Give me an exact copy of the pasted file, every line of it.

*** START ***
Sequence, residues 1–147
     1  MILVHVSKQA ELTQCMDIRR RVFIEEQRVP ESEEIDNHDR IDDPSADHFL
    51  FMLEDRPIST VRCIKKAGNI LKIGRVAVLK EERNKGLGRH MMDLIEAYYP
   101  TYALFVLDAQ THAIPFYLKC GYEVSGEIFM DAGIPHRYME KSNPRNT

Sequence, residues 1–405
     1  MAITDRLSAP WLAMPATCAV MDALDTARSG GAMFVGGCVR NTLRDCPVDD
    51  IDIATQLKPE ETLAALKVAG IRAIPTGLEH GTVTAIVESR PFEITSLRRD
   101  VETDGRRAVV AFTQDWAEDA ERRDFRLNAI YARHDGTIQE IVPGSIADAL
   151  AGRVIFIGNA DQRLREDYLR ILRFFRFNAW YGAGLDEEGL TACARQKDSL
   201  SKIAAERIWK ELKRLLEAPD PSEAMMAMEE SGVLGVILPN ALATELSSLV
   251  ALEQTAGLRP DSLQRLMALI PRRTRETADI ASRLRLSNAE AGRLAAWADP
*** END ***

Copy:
Sequence, residues 1–147
     1  MILVHVSKQA ELTQCMDIRR RVFIEEQRVP ESEEIDNHDR IDDPSADHFL
    51  FMLEDRPIST VRCIKKAGNI LKIGRVAVLK EERNKGLGRH MMDLIEAYYP
   101  TYALFVLDAQ THAIPFYLKC GYEVSGEIFM DAGIPHRYME KSNPRNT

Sequence, residues 1–405
     1  MAITDRLSAP WLAMPATCAV MDALDTARSG GAMFVGGCVR NTLRDCPVDD
    51  IDIATQLKPE ETLAALKVAG IRAIPTGLEH GTVTAIVESR PFEITSLRRD
   101  VETDGRRAVV AFTQDWAEDA ERRDFRLNAI YARHDGTIQE IVPGSIADAL
   151  AGRVIFIGNA DQRLREDYLR ILRFFRFNAW YGAGLDEEGL TACARQKDSL
   201  SKIAAERIWK ELKRLLEAPD PSEAMMAMEE SGVLGVILPN ALATELSSLV
   251  ALEQTAGLRP DSLQRLMALI PRRTRETADI ASRLRLSNAE AGRLAAWADP